Gasoline rise: More buyers want an electric or hybrid car, but it’s not easy to get them now


Amid the recent spate of news reports that gas prices in the US are rising to their highest levels Since the Great Recession, American car owners are already looking for greener, more fuel-efficient options. But they may not have much luck if they鈥檙e really in the market for an option like an electric vehicle.

More drivers are looking for electric cars

Car-buying website Edmunds.com announced Thursday that the number of potential buyers on its site looking for hybrid, plug-in hybrid and battery electric cars increased 39% from the previous month and 18% from the previous week. Of shoppers who visited Edmunds during the week ending March 6, the website said, 17.9% searched for a 鈥済reen vehicle.鈥

EV charging center
Electric cars are the most environmentally friendly models. / Photo: Unsplash

The increase in gasoline will cause more demand for EV鈥檚

One thing that is key to note is that the data in question is for the week ending March 6, which is a few days before the president Biden to announce the US will ban oil imports from Russia in response to Russia鈥檚 invasion of Ukraine. In his speech announcing the measure, Biden was very clear that gas prices would likely rise as a result, so presumably the fight for greener cars will only intensify in the coming weeks.

Additionally, Cars.com reports that searches for new and used electric vehicles are up 112% as of March 8 compared to the previous week. Searches for new electric vehicles on that site are up 83% and searches for used models are up 130%and many buyers are likely to balk at the high price of several new electric cars.

Semiconductor shortage further complicates matters

While gas spikes have historically prompted buyers to switch to more fuel-efficient options, as they鈥檙e clearly looking to do here, pandemic-driven shortages of materials and semiconductors have severely limited the supply of new cars. Car prices are also at record levels, so even if you can find something you want to buy, you鈥檒l pay a lot more for it.

The average cost of a new car increased to $46,085 in Februaryand how Jessica Caldwellchief knowledge officer at Edmunds, noted in an email, modern electric vehicles tend to be more expensive options. As Edmunds points out, if you can find one, the average transaction price for a new EV was $60,054 in February (although it鈥檚 unclear how tax incentives factor into that number).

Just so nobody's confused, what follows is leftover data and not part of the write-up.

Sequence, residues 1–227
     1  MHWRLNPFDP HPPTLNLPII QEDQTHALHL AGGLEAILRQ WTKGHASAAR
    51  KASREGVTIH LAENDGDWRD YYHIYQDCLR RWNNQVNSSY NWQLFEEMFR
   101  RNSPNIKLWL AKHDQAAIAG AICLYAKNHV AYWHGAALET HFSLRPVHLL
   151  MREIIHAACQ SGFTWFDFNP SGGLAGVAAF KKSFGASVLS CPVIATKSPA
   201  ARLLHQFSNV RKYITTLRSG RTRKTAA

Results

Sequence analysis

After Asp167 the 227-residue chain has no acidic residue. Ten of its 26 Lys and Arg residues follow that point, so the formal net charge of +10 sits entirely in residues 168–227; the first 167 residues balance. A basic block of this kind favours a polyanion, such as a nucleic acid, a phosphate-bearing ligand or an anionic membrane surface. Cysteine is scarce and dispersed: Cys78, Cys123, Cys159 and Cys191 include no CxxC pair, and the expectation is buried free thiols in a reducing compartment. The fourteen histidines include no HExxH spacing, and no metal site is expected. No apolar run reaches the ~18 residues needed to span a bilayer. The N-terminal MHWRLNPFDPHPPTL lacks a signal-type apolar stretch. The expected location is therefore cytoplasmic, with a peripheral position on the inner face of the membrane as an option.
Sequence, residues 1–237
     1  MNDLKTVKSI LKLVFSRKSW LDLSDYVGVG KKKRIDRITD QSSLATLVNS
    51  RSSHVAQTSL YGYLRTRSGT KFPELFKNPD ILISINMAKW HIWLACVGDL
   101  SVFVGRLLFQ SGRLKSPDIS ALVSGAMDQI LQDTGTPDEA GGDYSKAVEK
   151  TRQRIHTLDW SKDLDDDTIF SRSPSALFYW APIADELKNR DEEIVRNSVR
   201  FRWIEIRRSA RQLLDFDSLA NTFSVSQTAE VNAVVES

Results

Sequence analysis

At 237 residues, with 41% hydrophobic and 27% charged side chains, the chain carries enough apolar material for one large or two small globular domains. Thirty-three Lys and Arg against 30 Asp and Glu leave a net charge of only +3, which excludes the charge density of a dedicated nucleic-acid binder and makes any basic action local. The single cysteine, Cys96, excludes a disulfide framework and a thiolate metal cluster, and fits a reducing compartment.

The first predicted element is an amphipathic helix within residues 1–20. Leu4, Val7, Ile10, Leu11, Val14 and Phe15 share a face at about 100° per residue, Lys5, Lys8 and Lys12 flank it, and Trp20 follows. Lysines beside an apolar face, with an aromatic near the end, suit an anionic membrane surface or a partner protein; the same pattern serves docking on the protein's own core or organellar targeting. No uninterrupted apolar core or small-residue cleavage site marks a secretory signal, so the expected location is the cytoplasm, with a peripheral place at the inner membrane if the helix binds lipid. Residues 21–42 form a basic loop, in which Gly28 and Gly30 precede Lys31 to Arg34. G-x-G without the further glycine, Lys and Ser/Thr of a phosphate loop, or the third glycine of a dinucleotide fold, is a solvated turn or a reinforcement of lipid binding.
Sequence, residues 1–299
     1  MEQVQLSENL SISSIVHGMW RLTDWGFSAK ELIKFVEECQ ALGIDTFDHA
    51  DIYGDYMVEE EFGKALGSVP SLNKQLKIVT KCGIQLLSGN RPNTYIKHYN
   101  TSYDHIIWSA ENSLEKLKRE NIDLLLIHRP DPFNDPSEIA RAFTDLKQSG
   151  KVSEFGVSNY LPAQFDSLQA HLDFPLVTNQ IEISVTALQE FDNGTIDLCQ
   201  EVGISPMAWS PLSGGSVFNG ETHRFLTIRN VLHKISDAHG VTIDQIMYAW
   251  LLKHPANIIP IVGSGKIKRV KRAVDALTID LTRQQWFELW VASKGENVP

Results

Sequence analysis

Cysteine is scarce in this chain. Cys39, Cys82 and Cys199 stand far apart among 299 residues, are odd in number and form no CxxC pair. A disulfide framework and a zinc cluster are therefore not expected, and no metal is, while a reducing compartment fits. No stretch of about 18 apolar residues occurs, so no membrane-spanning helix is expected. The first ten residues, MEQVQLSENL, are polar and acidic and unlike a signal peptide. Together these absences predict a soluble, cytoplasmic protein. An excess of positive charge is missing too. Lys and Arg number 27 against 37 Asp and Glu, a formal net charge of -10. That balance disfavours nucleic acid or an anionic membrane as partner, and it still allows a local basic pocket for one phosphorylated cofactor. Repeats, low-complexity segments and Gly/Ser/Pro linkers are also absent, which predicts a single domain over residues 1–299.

鈥淕reen vehicles, particularly EVs, have become increasingly important to American consumers over the past year as more automakers sparked buzz about new products and made firm commitments to an electrified future. But the big spike in interest of late is certainly more a reaction to record gasoline prices caused by the war in Ukraine,鈥 Caldwell said. 鈥Unfortunately, buying an EV isn鈥檛 particularly easy to do right now amid inventory shortages, and price-sensitive consumers hardest hit by gas price increases will likely find making the switch a bit too easy. out of financial reach due to the premiums these vehicles command鈥, he added.

Buying an EV right now is not an immediate savings

So while buying an EV will save you gas in the long run and is increasingly desirable for environmental (and performance) reasons, right now, there鈥檚 no guarantee you鈥檒l actually save money. And again, that鈥檚 if you can find one at a reasonable price. the promising Kia EV6 2022 it came in at $57,115 in loaded AWD format, and it hasn鈥檛 been uncommon to see some in the $60,000 to $70,000 range. To make matters worse, car dealers are freaking out about price increases right now, even as automakers beg them to cut prices.

What do you do if you want to buy a new car right now?

There are a number of strategies you can employ, but the key is to be flexible. If you don鈥檛 need a new car right away and can wait to make a purchase, you should probably go that route. Otherwise, be flexible about the models and options you want, and be prepared to look beyond your area. than you normally would. Used car prices have gotten just as high, so the same applies on that front. And remember: if you鈥檙e shopping for a new electric vehicle, you probably shouldn鈥檛 be buying it right now if cost savings is your primary goal.

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